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Capital market concerns

The unstable Rupee and oil prices coupled with the RBI-Government impasse and disinvestment by FPIs draws a troubled economic paradigm for India

Capital market concerns

Officials in the finance ministry may disagree, foreign portfolio investors may not be seeing India an attractive destination, at least for now. Overseas investors pulled out a massive Rs 38,900 crore (over $5 billion) from the capital markets, last month. It was the steepest outflow in nearly two years. In November 2016, FPIs (Foreign Portfolio Investment) had pulled out Rs 39,396 crore from the capital markets. The total outflow from the capital markets (equity and debt together) has reached over Rs 1 trillion so far, this year. FPIs are becoming increasingly cautious about the Indian market. It is not clear if this has anything to do also with the government's bid to seize RBI's key powers in the face of uncertain trade and economic developments.

Rising current account deficit (CAD), falling foreign direct investment (FDI), frequent Rupee fluctuation, high oil prices, mid-term impact on India of US sanctions on Iran despite specific relaxations on oil import and Chabahar port-rail construction, massive accumulation of non-performing assets with government-controlled commercial banks and pre-election political commitments to small and medium enterprises and farm producers — important vote banks — are among the matters of economic concern.

The government's showdown with the executive management of the Central bank and invocation of Section 7 of the RBI Act to force the Central bank on a table to discuss a dozen issues, including easing liquidity and promoting credit off-take among SMEs, is hardly of any comfort to highly sensitive FPIs in the midst of other issues. The government is believed to have sought a facility to raise up to $30 billion and application of Basel III capital norms, stipulating less stringent provisioning rules.

Clearly, FPIs do not see it as an exciting time to invest in India's equity markets, under such conditions. The FPIs, which effectively control India's stock market, banked heavily on the country's growth under a more liberal atmosphere since they smelt a wind of change in its political administration towards the end of 2013. Their intuitions proved to be right until sudden demonetisation hit the economy mid-way. FPIs' secondary market investments, considered as 'hot money' by conservative economists, have helped RBI build large foreign exchange reserves. However, FPIs have been net sellers almost throughout this year barring some months such as January, March, July, and August.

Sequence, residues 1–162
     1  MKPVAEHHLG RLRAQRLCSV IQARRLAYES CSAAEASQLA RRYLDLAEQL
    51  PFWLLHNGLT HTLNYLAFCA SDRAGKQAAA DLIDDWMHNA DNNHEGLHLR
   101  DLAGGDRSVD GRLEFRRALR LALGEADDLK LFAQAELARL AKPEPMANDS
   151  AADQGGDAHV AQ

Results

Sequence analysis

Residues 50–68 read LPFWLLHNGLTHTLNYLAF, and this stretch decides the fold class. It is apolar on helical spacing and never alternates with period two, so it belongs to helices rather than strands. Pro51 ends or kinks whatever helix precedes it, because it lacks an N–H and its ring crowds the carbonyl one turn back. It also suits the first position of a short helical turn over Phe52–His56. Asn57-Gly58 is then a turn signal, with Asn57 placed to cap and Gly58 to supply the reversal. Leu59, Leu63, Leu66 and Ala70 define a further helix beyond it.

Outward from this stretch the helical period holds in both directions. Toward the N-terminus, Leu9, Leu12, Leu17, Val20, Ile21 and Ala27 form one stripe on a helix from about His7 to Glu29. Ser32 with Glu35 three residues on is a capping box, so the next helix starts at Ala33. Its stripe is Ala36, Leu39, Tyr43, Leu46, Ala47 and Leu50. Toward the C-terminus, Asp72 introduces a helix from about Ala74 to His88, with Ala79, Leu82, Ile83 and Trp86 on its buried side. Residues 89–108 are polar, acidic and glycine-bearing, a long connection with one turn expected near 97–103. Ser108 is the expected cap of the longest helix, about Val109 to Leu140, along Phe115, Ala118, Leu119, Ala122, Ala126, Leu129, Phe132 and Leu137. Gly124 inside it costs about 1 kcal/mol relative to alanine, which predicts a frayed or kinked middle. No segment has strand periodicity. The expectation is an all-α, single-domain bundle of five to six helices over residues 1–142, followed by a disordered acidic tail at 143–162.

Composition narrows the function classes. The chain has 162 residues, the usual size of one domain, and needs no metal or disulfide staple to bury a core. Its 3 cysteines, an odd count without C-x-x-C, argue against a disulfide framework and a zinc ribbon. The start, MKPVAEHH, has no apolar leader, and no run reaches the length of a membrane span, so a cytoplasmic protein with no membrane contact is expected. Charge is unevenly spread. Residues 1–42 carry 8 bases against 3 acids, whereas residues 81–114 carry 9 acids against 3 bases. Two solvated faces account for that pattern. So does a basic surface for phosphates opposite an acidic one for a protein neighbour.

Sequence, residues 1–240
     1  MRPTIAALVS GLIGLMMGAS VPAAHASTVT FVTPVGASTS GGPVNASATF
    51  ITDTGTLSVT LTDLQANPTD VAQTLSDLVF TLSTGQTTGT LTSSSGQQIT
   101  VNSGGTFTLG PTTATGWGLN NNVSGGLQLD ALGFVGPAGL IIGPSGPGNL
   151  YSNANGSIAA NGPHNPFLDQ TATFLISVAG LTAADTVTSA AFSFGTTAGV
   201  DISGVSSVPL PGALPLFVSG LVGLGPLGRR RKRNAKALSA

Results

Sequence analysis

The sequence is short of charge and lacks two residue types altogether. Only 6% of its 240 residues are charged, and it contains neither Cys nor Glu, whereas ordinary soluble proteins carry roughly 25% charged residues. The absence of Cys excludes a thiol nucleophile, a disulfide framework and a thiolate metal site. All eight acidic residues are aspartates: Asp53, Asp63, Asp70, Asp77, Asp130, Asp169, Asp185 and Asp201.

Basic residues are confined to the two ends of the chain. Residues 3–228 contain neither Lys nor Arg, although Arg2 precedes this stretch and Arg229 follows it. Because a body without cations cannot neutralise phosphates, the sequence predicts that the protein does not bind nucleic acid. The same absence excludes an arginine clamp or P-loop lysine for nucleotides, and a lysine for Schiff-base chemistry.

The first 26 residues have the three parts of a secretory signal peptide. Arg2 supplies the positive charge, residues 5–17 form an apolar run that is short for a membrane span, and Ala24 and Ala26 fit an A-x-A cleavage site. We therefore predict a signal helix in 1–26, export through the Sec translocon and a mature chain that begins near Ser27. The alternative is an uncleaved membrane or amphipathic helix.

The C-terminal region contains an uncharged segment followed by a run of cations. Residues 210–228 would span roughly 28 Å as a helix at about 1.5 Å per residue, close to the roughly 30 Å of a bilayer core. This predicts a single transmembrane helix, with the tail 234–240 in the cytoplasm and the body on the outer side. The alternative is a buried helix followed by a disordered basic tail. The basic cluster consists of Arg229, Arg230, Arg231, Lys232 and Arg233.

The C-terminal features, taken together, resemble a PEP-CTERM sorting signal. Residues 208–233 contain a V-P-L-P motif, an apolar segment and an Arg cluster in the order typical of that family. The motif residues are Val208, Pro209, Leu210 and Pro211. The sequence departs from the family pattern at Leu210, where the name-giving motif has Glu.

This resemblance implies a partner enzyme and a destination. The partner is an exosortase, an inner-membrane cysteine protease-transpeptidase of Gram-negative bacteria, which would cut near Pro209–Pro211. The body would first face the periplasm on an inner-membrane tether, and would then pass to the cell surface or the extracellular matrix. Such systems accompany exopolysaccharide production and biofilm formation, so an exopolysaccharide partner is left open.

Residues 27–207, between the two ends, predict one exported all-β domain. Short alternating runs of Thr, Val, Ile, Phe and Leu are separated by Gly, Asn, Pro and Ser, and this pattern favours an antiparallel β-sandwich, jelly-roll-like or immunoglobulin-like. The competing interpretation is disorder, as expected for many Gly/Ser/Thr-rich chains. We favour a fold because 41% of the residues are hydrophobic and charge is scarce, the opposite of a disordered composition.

The disinvestment by FPIs in the Indian capital market intensified towards the end of September when they had pulled out over Rs 21,000 crore and has continued unabated since then. FPIs invest all over the world, depending on their market perceptions or expectations. Yet, much of their investment decisions are also based on performance forecasts of the US markets, such as the NYSE and Nasdaq. They pull out funds from uncertain markets to those offering reliable short and mid-term returns. The improving performance of the US economy — despite President Donald Trump's restrictive policies on import and immigration— and hike in rates by the US Federal Reserve System in the recent past, and rising employment and income have made the US a better and safer destination for market investments.